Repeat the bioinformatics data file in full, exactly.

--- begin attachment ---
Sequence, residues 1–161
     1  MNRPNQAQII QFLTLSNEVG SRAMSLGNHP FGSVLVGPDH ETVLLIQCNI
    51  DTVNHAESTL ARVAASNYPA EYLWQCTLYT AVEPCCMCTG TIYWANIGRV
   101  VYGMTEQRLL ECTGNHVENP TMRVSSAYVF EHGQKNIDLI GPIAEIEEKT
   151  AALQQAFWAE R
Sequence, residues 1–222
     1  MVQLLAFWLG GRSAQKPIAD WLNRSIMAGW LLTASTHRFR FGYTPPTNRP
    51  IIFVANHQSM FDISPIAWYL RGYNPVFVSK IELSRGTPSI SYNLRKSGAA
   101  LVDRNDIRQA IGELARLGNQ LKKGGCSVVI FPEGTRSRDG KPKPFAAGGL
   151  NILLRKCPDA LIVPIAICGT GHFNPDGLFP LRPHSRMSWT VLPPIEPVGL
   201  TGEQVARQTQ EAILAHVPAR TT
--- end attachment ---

Sequence, residues 1–161
     1  MNRPNQAQII QFLTLSNEVG SRAMSLGNHP FGSVLVGPDH ETVLLIQCNI
    51  DTVNHAESTL ARVAASNYPA EYLWQCTLYT AVEPCCMCTG TIYWANIGRV
   101  VYGMTEQRLL ECTGNHVENP TMRVSSAYVF EHGQKNIDLI GPIAEIEEKT
   151  AALQQAFWAE R
Sequence, residues 1–222
     1  MVQLLAFWLG GRSAQKPIAD WLNRSIMAGW LLTASTHRFR FGYTPPTNRP
    51  IIFVANHQSM FDISPIAWYL RGYNPVFVSK IELSRGTPSI SYNLRKSGAA
   101  LVDRNDIRQA IGELARLGNQ LKKGGCSVVI FPEGTRSRDG KPKPFAAGGL
   151  NILLRKCPDA LIVPIAICGT GHFNPDGLFP LRPHSRMSWT VLPPIEPVGL
   201  TGEQVARQTQ EAILAHVPAR TT